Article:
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The head of Israel’s military intelligence resigns as Gaza is in turmoil

Smoke rises over Rafah, where Israel has repeatedly vowed to send ground troops despite international concerns for civilians – Copyright AFP MOHAMMED ABED

Jay Deshmukh

The head of Israel’s military intelligence has resigned after taking responsibility for the failures that led to the October 7 Hamas attack, the army said on Monday, as Israel increased shelling overnight in the war-ravaged Gaza.

General Aharon Haliva is the first top Israeli official to resign over his failure to prevent the Hamas attack, which sparked the war in Gaza and put Israel’s government and military under intense control.

“The intelligence department under my command failed to fulfill the task entrusted to us,” Haliva said in his resignation letter. “I have carried that black day with me ever since.”

Israel, meanwhile, has lashed out at reports that its key ally, the United States, is considering imposing sanctions on the army’s ultra-Orthodox Netzah Yehuda Battalion over alleged pre-war human rights abuses in the West Bank.

“At a time when our soldiers are fighting the monsters of terror, the intention to impose a sanction on a unit in the IDF (army) is the height of absurdity and a moral low point,” Prime Minister Benjamin Netanyahu wrote. X.

Netanyahu said late on Sunday that the Israeli army would increase military pressure to deliver “additional and painful blows” to Hamas in the coming days, without elaborating.

The prime minister has repeatedly said Israel will launch a ground attack on Gaza’s southernmost city of Rafah, despite international concerns about the majority of the territory’s population who have taken refuge there.

– Passover marks 200 days –

The promise of more military pressure came amid growing global opposition to Israel’s offensive in Gaza, which has left large swaths of territory in ruins and caused a serious humanitarian crisis, including fears of famine.

Gaza was hit by heavy shelling overnight, with attacks reported in several areas in the center and south of the besieged territory, an AFP correspondent said on Monday.

Doctors at Al-Aqsa Hospital in the Gaza city of Deir El Balah told AFP that six people were injured in an Israeli airstrike in central Gaza, while three others were injured in a separate attack on the Al-Bureij refugee camp.

Israeli allies including Washington have warned against sending troops to Rafah, fearing massive civilian casualties in the only major Gaza city yet to be overrun in the offensive.

It is estimated that more than 1.5 million of the 2.4 million Palestinians in Gaza have sought refuge in Rafah. However, thousands are believed to have moved north since Israel withdrew most troops from Gaza earlier this month.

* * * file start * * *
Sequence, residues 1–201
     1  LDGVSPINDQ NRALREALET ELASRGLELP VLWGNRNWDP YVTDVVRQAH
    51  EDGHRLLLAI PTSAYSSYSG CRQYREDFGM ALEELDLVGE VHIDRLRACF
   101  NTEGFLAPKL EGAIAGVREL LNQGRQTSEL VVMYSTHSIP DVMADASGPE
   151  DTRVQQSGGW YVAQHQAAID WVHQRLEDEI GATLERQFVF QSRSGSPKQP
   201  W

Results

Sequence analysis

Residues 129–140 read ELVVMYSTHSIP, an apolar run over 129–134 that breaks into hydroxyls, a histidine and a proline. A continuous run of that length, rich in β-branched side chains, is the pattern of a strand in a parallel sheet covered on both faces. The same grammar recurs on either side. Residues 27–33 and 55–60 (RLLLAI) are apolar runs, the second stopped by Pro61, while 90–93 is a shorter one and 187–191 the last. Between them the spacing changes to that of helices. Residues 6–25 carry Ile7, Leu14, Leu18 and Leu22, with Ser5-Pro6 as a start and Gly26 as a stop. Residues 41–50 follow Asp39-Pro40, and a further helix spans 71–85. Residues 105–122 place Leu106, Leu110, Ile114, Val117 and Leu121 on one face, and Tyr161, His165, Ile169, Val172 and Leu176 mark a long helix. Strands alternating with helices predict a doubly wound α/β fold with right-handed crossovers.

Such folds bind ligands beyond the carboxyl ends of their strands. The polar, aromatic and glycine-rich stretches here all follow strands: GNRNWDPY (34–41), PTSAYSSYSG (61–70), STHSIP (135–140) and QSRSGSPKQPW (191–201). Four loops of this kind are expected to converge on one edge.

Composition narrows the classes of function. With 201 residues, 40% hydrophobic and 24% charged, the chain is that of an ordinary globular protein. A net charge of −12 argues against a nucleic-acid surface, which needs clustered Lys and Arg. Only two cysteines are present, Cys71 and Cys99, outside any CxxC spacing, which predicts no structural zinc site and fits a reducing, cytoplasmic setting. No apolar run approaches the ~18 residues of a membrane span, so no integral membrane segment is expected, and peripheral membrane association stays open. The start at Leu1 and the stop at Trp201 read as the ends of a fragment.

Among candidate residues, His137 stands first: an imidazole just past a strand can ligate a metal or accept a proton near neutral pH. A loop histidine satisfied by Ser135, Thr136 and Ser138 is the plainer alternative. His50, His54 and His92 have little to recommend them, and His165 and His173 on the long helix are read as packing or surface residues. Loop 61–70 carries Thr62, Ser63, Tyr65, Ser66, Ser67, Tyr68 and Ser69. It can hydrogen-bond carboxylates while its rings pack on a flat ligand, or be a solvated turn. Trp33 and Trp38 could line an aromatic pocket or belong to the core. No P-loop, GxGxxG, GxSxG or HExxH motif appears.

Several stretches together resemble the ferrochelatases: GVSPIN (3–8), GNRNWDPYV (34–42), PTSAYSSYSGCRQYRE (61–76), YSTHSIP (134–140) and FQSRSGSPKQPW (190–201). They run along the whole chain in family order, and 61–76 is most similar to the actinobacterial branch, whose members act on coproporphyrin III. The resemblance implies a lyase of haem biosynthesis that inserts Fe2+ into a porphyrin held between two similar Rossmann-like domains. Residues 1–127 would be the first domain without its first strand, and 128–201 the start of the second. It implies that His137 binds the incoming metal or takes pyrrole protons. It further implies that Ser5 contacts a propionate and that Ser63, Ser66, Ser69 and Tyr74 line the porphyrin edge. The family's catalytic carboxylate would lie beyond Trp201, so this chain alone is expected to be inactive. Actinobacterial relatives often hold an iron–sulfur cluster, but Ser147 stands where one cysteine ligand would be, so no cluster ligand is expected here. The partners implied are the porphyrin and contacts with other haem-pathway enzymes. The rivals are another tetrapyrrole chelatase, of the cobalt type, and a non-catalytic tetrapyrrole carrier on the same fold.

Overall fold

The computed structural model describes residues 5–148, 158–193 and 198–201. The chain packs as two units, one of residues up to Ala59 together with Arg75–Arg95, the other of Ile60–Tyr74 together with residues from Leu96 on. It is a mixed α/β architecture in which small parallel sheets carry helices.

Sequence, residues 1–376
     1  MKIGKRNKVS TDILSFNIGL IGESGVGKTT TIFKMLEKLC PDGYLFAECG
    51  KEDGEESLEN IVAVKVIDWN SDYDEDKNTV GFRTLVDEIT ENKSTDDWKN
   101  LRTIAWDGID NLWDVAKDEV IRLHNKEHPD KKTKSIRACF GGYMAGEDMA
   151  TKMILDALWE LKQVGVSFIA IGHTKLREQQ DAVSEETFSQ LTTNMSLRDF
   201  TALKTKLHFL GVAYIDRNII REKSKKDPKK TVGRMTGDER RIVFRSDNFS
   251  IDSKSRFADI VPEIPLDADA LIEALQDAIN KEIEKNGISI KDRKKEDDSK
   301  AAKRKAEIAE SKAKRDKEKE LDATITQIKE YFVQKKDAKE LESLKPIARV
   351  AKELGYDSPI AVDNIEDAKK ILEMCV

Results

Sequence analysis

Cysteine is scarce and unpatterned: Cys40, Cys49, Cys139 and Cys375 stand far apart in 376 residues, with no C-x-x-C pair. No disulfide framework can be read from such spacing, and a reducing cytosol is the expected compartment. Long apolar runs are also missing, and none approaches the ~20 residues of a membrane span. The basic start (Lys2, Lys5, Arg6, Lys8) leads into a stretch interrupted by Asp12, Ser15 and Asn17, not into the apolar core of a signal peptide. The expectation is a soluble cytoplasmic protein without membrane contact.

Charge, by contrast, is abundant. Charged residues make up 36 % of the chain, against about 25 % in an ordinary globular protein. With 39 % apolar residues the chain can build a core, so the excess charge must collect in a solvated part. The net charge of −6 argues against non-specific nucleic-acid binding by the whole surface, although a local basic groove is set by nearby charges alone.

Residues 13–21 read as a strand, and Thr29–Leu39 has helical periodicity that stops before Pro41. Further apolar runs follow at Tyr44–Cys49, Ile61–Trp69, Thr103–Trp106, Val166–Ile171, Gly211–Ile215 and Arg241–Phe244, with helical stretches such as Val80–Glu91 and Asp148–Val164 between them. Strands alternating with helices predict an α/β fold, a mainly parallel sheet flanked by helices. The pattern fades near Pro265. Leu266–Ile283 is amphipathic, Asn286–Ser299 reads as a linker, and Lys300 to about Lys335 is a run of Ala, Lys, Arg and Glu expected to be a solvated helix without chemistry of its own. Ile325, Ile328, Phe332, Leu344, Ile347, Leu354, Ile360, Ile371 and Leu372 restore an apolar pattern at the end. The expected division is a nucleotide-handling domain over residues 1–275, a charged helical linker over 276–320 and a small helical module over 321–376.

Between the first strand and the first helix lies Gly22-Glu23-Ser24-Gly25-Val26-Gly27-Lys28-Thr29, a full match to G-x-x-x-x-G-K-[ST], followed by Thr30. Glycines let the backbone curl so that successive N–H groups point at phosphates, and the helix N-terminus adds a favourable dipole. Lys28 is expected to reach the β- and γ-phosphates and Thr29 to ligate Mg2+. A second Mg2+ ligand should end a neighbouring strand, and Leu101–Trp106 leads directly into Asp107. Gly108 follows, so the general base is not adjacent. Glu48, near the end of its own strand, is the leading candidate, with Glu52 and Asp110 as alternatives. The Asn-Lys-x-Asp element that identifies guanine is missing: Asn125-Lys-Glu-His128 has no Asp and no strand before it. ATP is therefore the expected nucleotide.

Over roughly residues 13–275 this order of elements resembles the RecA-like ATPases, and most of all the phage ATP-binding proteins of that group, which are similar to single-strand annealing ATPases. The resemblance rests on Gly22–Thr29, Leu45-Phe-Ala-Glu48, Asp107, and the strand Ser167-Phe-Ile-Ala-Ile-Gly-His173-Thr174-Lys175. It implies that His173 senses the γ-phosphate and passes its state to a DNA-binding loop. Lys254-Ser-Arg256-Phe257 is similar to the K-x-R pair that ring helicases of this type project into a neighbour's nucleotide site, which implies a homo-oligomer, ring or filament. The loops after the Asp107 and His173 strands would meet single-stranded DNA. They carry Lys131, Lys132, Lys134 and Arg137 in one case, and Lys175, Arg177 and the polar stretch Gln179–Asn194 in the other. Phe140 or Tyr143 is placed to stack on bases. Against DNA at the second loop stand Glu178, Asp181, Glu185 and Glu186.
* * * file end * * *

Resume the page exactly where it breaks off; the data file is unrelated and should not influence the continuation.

The Israeli military has said the city is Hamas’s last major stronghold and that some of the hostages captured on October 7 were being held there.

This week, during the Jewish holiday of Passover, which begins Monday evening, “the hostages will be held captive for 200 days,” Israeli military spokesman Admiral Daniel Hagari said.

“The chief of staff has approved the next steps for the war,” he added, without giving details.

At least 16 people, mostly children, were killed in Israeli attacks on two houses in Rafah this weekend, according to Gaza’s civil protection agency.

Gaza crossing and border authorities, meanwhile, said 34 Palestinian prisoners had been released from Israeli prisons since Monday morning. Authority spokesman Hisham Adwan said some detainees showed “signs of torture.”

In the main southern town of Khan Yunis, Gaza’s civil defense organization said on Sunday that its teams had discovered at least 50 bodies buried in the courtyard of a hospital previously raided by Israel.

Spokesman Mahmud Bassal told AFP that the agency was “waiting until all graves were exhumed to provide a final number” of bodies excavated from the courtyard of the Nasser Medical Complex.

The Israeli military said it was checking the reports.

– Violence in the West Bank –

In the occupied West Bank, where violence has increased since the start of the Gaza war, a funeral procession was held on Sunday for 13 Palestinians killed in an Israeli attack on the Nur Shams refugee camp.

The Israeli army said it had killed 10 militants in a three-day “counter-terrorism” attack on Nur Shams, but the camp’s residents gave a different story.

Niaz Zandeq, 40, said his son Jehad was shot dead by an Israeli soldier on his 15th birthday.

Neighbors said troops told Jehad to leave his uncle’s house.

“As soon as he came out, they opened fire and hit him straight in the head,” Zandeq said through tears. “He was unarmed.”

The Israeli army has not responded to residents’ allegations.

The military also said a suspect has been arrested over the death of Israeli teenager Benjamin Achimeir, whose disappearance earlier this month sparked violent raids in the West Bank.

Two civilians were slightly injured in a car ram attack in Jerusalem on Monday. Israeli police said they had arrested two suspects who fled the scene on foot.

Hamas’ attack on October 7, which sparked the war in Gaza, resulted in the deaths of 1,170 people, mostly civilians, according to an AFP count based on official Israeli figures.

Israel’s retaliatory offensive has killed at least 34,151 people, mostly women and children, according to Israel’s Health Ministry.

Israel estimates that 129 prisoners remain in Gaza, including 34 who the army says are dead.

Some relatives of the hostages have urged families celebrating Passover to leave an empty chair at their seder table with a photo of a hostage.

“How can we celebrate such a holiday when… people are still without freedom and still waiting for liberation?” asked Mai Albini, whose grandfather Chaim Peri was taken hostage on October 7.

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